Taking America for a Ride:
The Politics of Motorcycle Tariffs
by Daniel Klein
Daniel Klein is a graduate student in economics at New York University.
Last spring, the import duties on large motorcycles were raised drastically. By any
economic criterion, the new tariff is counterproductive, and the Reagan administration
was fully aware of it. The decision is thus an interesting case study in the political
economy of protectionism.
Background of the Tariff
In the past three decades the motorcycle market has grown tremendously. The number of
American motorcycle registrations has increased from 198,000 in 1945 to 1.4 million in
1965 and to nearly 6 million in 1981.
In the past two years, however, the American motorcycle market has severely contracted.
The recession left many young people, the greatest motorcycle-buying age group, with
less to spend. Employment in heavyweight-motorcycle production and related activities
rose from 2,239 persons in 1977 to 3,110 in 1981, but (as a result of slackened demand)
dropped to 1,974 in 1982. (Heavyweight motorcycles have engines with piston
displacement of 700 cubic centimeters or more.) From 1981 to 1982, total inventories of
unsold heavyweight bikes jumped from 108,000 to more than 200,000. For the first nine
months of 1982, hours worked declined 20 percent and wages paid fell 12 percent from
the same period in 1981.
The Harley-Davidson Motor Company, the only American company to manufacture
motorcycles since 1948, has been hit especially hard. In 1980 the company had record
sales of $289 million and pretax earnings of $12.3 million, but in 1982 sales slumped to
just over $200 million, causing "substantial losses." The company operated at a loss in
1981 as well.
Harley-Davidson, which produces bikes of 1000cc and 1300cc (although new, smaller
models are planned), has continually been losing ground to Japanese competitors. In
1972, Harley had 100 percent of the market for motorcycles with engines of 1000cc or
more; a decade later it had less than 15 percent. Although it had accounted for 20
percent of the total American
market in the late 1970s, Harley-Davidson could claim only 14 percent in 1982. The four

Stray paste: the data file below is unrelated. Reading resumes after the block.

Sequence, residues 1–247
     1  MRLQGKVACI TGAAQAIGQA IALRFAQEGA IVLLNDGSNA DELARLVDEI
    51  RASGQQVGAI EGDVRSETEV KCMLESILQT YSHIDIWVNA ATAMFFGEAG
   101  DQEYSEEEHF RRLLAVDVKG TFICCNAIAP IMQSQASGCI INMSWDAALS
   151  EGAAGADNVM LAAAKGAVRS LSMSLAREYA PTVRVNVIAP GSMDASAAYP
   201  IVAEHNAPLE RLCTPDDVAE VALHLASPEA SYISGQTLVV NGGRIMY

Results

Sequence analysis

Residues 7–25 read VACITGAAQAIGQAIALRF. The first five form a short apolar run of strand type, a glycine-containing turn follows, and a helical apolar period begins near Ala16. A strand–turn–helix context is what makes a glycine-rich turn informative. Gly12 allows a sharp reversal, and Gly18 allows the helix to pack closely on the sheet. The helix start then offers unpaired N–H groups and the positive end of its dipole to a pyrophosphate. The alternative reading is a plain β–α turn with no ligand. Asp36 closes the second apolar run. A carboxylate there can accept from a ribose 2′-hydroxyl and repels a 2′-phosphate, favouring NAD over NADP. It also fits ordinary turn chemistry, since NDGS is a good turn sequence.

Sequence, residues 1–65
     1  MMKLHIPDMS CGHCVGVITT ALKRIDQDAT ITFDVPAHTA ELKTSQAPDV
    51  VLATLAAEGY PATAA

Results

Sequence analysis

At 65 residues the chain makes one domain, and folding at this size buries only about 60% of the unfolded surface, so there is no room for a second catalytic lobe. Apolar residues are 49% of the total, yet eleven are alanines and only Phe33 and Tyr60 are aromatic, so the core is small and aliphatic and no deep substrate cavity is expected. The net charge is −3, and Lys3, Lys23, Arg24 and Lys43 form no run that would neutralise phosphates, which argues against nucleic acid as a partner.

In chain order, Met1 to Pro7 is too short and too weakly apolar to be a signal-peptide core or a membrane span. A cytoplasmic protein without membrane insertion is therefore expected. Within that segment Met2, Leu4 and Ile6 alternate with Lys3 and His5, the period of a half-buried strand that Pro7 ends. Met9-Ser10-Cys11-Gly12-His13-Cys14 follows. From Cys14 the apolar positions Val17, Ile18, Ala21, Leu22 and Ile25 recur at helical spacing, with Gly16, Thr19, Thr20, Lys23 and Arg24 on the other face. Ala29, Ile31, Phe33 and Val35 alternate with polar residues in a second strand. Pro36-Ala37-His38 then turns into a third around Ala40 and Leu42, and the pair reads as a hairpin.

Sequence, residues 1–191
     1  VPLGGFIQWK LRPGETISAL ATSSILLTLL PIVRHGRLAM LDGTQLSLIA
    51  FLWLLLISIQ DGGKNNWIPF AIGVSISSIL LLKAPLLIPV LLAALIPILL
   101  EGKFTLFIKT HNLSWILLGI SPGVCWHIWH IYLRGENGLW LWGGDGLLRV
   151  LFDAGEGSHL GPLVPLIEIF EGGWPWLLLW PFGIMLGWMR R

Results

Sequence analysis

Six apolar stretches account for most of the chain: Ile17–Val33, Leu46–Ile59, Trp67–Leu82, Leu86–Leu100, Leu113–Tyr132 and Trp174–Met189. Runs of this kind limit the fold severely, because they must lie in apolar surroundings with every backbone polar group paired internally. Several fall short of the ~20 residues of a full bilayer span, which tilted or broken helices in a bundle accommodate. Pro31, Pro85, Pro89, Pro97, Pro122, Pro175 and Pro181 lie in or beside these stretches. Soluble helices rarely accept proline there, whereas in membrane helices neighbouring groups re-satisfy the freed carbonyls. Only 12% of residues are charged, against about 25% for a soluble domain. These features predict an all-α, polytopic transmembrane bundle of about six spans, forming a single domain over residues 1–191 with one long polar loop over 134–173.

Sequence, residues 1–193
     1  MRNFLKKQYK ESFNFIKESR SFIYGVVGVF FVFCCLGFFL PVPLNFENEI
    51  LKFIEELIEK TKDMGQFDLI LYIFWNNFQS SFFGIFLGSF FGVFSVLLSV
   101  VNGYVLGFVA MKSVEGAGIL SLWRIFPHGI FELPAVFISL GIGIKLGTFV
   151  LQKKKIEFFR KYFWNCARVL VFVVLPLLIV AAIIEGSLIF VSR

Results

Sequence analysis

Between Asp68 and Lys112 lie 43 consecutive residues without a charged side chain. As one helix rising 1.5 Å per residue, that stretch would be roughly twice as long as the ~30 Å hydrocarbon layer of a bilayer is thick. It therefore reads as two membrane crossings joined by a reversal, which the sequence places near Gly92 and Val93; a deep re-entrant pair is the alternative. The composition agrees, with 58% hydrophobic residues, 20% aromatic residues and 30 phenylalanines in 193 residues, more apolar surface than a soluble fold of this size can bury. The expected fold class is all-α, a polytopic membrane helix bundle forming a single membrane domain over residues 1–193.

Japanese makers--Honda, Yamaha, Suzuki, and Kawasaki--are accustomed to tight
competition. They excel in product innovation and keep their prices low-- earlier this
year, they undercut their American counterparts by $1,500 to $2,000 per vehicle.
In 1981, after 12 years as a subsidiary of AMF, Inc., Harley-Davidson was purchased
from the parent company by a group headed by Vaughn Beals, vice president at AMF
since 1976. After the purchase, Beals left AMF to become chairman and chief executive
officer for Harley. Beals felt optimistic when the purchase was made. Upon leaving the
frustrating hierarchy of AMF, Beals explained his happiness with his new situation: "It's
the independence, the satisfaction you receive when something works. And if it doesn't
work, you have no one to blame but yourself."
Many of the company's recent difficulties may have originated in its association with
AMF, which (some say) concentrated on short-term sales and profit objectives at the cost
of long-term investments needed to combat the import problem. Phil Schilling, editor
of Cycle magazine, said that during that time, "the quality of the product suffered, and
that was no secret." Gordon Jennings, an independent consultant to the motorcycle
industry, said that Harley "ceased to be competitive with foreign motorcycles in terms of
overall performance, which event [sic] occurred in the Sixties. . . . Product improvement
at Harley has relied too much upon styling." In an automotive survey, consumers rated
Harley-Davidson last in advanced technology, though high in styling, power, and
Industrial analysts said that the Harley's Milwaukee plant (the firm also has plants in
Tomahawk, Wisconsin, and York, Pennsylvania) suffered from inefficient production
methods and poor management. Because its workers are unionized and more highly
skilled, Harley-Davidson has much higher labor costs than the American plants of Honda
(Maryville, Ohio) and Kawasaki (Lincoln, Nebraska).
Due to the change in market demand, its own entrepreneurial deficiencies, and a crushing
debt problem, Harley was quickly approaching bankruptcy. The firm turned to the
government for aid, and consequently, in hopes of forestalling any protective measures,
the Japanese motorcycle industry offered to help the company. "According to the sources,
the Japanese said they would provide technological assistance valued at about $10
million and would guarantee $20 million of bank loans." Harley turned down the
offer. Instead, Harley-Davidson contracted with Porsche, the German car manufacturer,
to build a model called "Nova." which will be available with both 800cc and l000cc
engines. It is specifically designed to meet Japanese competition. There also has been talk
of a new 700cc model.
Presumably, Harley-Davidson was confident that it would get import relief from the